There are some photographs included within the book too- though not as many as I had anticipated. I think a few more photos (and spread out at that) would have enhanced the content of the book a little better. It is a pretty chunky read and some photographs interspersed within the text and not merely bunched together in the middle would have lifted it somewhat.
My heart broke at so many points during this book but it angered me too. Recognisable emotions and behaviours in the whale, such as frustration and confusion repeatedly come to the fore as Keiko responds to his new training regime, which is repeatedly altered by different trainers and ultimately contradicted over and over. I also felt so sad that when he encountered a pod of wild whales for the first time, Keiko was just utterly terrified. How can a whale of such magnitude be so terrified by something that any other whale would find natural? Devastating.
I do genuinely believe after reading this book that the vast majority of people involved with the FWKP wanted to help Keiko, it just appears from what this book suggests at least, that a lot of them went about it in a very misguided manner. There were clashes of egos, misunderstandings and jealousies that really did not help the animal in question whatsoever and it seemed from the start that had these been managed it could have been much more beneficial for the animal’s welfare. Like Mark A. Simmons himself says, perhaps if consistency had been applied throughout the project (both in training and other aptitudes), FWKP might not have ended in the way it did.
Real life just isn’t like the movies and in this instance there is no happy ending for anyone involved- especially Keiko. Stories of animal cruelty/abuse always move me to despair yet it is important that lessons are learned from what happened. I also personally believe it is also important that whales are not captured from their natural environment and placed in theme parks in the first place, which is where I suppose my opinion differs to that of the author’s- himself a former killer whale trainer who throughout the entire book does not bad mouth his former employers at Sea World once, which I found somewhat irritating (though he does go for the jugular for one of the ex-Sea World veterinarians and justifiably so). That being said, it is looking unlikely that captive orcas can ever again be released into the wild, judging by Keiko’s experience, so the whole contentious issue just becomes a vicious, desperate circle.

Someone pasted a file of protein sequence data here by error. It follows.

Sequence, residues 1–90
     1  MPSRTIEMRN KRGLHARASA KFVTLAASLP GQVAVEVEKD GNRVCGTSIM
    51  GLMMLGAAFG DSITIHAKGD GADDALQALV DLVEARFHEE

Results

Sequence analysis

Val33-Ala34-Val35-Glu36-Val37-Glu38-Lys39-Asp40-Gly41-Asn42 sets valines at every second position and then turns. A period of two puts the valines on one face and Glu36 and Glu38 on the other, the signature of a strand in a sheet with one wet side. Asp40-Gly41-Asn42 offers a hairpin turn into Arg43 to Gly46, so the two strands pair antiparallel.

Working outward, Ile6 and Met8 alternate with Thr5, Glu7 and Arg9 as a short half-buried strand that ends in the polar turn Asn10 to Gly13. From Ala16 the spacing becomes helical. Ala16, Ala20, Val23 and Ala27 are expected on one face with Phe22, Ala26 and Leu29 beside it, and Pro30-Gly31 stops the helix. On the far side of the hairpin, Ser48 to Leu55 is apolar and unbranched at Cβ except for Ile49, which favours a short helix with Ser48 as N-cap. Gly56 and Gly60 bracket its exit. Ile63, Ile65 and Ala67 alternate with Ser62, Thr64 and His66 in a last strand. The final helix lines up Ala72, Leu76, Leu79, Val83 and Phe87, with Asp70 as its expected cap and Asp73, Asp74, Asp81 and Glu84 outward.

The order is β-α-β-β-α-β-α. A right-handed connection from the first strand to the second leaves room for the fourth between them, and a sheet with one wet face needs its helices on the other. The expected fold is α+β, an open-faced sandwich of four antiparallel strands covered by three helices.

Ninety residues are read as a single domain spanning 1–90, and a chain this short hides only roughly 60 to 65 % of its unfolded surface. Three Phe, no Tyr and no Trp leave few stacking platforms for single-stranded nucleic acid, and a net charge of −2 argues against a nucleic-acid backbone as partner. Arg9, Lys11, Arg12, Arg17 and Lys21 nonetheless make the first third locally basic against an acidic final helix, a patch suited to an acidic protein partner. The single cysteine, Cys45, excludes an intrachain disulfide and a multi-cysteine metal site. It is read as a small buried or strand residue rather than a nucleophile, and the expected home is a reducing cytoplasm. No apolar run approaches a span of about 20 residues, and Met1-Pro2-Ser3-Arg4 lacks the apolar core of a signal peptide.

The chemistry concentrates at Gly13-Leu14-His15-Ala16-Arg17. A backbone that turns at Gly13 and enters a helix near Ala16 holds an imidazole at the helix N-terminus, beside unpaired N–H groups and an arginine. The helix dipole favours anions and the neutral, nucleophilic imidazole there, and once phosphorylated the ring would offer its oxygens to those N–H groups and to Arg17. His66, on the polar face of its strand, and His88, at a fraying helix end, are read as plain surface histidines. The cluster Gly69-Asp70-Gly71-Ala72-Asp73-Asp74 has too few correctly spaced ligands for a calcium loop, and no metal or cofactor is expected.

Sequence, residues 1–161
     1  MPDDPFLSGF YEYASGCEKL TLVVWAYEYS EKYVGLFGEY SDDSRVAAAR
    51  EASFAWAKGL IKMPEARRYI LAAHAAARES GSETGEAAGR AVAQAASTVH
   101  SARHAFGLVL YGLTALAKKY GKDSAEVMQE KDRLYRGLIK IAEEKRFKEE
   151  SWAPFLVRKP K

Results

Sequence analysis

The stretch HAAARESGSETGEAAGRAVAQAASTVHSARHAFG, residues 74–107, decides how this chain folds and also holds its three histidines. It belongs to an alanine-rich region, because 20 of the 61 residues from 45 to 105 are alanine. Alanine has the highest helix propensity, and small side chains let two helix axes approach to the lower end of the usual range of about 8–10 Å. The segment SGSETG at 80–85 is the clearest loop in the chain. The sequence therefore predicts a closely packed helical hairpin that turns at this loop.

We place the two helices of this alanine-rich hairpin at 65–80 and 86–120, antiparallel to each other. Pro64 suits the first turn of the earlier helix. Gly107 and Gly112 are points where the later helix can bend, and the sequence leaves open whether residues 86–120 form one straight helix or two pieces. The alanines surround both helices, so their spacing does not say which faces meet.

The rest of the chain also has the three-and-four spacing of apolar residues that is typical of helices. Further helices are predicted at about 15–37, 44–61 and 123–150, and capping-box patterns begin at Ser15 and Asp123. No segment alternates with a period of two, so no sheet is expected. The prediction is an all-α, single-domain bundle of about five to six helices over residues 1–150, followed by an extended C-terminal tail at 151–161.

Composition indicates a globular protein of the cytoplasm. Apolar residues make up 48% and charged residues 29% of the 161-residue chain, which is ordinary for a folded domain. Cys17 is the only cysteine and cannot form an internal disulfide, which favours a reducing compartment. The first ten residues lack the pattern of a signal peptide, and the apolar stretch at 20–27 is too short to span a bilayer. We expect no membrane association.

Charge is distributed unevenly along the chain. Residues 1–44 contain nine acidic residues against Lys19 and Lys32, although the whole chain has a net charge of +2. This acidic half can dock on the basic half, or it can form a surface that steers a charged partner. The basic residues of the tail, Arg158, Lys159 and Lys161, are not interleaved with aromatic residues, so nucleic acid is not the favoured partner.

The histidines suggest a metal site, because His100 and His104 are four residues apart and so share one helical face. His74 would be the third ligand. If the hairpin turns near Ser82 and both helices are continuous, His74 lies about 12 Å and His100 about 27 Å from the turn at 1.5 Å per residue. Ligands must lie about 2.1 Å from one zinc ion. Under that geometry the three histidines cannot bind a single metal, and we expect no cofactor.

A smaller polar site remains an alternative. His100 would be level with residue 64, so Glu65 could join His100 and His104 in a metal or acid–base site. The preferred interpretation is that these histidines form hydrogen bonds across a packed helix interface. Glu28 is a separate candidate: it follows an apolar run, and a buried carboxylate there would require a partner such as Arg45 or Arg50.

I have given this book 4.5 stars as I did find the introduction to the book somewhat clunky (it was contributed by a different author) and I was conscious throughout that we were only ever hearing one side of the story. Killing Keiko also grew a tad dry in places when the author talked (badmouthed) some of his former colleagues on the project- admittedly some of their intentions seemed slightly less altruistic and inexperienced, but the author and his close friend are portrayed to be the only real voices of reason throughout the whole project and I find that hard to comprehend. I personally just wanted to hear about Keiko.
I would also add that if anyone out there reading this still believes in the validity of outdated, criminal institutions like Sea World or in keeping such magnificent creatures in tanks to perform for the public, that they watch the movie ‘Black Fish.’ Enough said….